BEIJING (Reuters) - China said on Tuesday everything was “normal” at a Tibetan Buddhist monastery after the Dalai Lama urged restraint in a stand-off between security forces and Tibetans at the temple in southwest China.
“According to what we understand, over the past few days the life and Buddhist activities of the monks at the Kirti monastery are all normal. Social order there is also normal. Material supplies in the temple are totally sufficient,” Foreign Ministry spokesman Hong Lei told a regular news briefing.
“The Kirti temple’s administration and local police a long time ago set up a police-temple joint patrol team. The aim was to prevent people of uncertain identity from entering the temple. Relations between the police and the temple have always been harmonious,” Hong added without elaborating.
Hundreds of ethnic Tibetans had gathered at the Kirti monastery in Aba in Sichuan province last week trying to stop authorities moving out monks for government-mandated “re-education,” according to exiled Tibetans and activists.
That prompted police to lock down the monastery with as many as 2,500 monks inside.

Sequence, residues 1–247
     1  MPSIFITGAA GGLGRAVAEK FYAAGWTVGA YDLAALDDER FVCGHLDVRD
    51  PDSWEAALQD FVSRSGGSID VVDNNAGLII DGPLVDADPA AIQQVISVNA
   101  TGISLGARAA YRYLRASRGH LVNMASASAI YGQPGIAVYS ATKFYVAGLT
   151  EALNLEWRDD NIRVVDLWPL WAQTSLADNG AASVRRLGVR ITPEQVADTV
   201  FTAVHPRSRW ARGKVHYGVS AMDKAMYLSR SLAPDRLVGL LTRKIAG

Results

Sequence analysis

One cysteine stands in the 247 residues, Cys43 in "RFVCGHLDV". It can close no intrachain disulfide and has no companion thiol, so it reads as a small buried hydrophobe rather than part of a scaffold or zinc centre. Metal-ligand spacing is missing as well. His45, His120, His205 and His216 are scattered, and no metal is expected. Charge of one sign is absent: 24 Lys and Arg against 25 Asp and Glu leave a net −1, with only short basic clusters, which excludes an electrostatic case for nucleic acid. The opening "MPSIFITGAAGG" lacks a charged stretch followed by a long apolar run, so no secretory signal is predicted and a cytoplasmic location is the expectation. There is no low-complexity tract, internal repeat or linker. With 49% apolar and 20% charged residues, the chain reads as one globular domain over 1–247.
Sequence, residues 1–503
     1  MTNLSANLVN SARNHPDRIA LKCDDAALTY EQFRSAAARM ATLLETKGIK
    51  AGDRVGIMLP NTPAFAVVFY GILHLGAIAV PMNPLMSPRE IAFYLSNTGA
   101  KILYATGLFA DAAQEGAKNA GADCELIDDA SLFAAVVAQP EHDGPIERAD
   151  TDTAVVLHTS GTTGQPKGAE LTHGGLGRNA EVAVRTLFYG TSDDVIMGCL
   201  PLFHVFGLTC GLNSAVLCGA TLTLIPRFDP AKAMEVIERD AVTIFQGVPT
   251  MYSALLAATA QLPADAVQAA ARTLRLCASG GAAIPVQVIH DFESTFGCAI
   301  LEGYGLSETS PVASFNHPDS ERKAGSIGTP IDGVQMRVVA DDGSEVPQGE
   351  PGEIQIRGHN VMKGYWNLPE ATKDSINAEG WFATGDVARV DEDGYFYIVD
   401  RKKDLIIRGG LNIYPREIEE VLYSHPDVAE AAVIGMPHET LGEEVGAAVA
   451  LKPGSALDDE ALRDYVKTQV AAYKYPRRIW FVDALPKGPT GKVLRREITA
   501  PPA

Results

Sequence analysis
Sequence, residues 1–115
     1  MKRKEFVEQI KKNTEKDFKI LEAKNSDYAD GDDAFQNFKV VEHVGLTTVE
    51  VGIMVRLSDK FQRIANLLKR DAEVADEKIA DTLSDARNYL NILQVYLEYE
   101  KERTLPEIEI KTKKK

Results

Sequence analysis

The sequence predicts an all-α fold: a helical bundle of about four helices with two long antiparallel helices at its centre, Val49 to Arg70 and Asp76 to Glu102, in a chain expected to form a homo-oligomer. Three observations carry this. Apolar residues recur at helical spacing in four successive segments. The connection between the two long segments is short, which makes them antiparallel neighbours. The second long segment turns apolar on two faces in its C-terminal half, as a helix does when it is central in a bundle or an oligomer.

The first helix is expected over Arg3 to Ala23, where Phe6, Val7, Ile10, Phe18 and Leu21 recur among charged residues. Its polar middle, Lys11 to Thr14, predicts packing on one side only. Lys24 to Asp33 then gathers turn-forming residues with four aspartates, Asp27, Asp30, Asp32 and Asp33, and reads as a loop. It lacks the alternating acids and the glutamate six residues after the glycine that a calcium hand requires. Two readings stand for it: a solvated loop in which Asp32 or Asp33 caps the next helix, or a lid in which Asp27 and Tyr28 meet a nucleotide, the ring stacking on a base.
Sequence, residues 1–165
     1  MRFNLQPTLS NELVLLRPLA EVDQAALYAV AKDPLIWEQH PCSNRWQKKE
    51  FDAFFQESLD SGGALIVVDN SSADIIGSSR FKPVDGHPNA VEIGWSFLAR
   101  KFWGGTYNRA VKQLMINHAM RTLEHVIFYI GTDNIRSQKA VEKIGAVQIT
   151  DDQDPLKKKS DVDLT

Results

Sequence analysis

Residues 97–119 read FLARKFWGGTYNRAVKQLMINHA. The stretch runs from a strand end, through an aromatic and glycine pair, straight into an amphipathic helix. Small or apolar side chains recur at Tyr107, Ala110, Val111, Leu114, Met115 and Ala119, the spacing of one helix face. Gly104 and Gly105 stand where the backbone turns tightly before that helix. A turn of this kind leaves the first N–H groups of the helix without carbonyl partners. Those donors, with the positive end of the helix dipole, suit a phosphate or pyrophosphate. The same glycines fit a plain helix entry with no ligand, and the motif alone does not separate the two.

A 21-year-old Tibetan monk burned himself to death on March 16 in Aba, an overwhelmingly ethnic Tibetan part of Sichuan province that erupted in defiance against Chinese Communist Party control three years ago.
His act echoed protests that gripped Tibetan areas of China in March 2008, when Buddhist monks and other Tibetan people loyal to the Dalai Lama confronted police and troops across the region.
Instead of putting out the flames, Chinese police beat the young monk, creating huge resentment in the monastery, the Dalai Lama said in his statement last week.
China has ruled Tibet since Communist troops marched in 1950. The traditional Buddhist leader of the region, the Dalai Lama, fled to exile in northern India in 1959 after a failed uprising against Chinese rule.
The Dalai Lama in March stated his intention to hand over political power to the exiled Tibetan parliament in northern India, though he remains the global face of the Tibetan exiled movement. Beijing brands him a dangerous trouble-maker.
Chinese security forces have reportedly used excessive force to end the protest at the monastery, including beating up people and deploying attack dogs against them, Human Rights Watch said on Friday.
Reporting by Ben Blanchard; Editing by Robert Birsel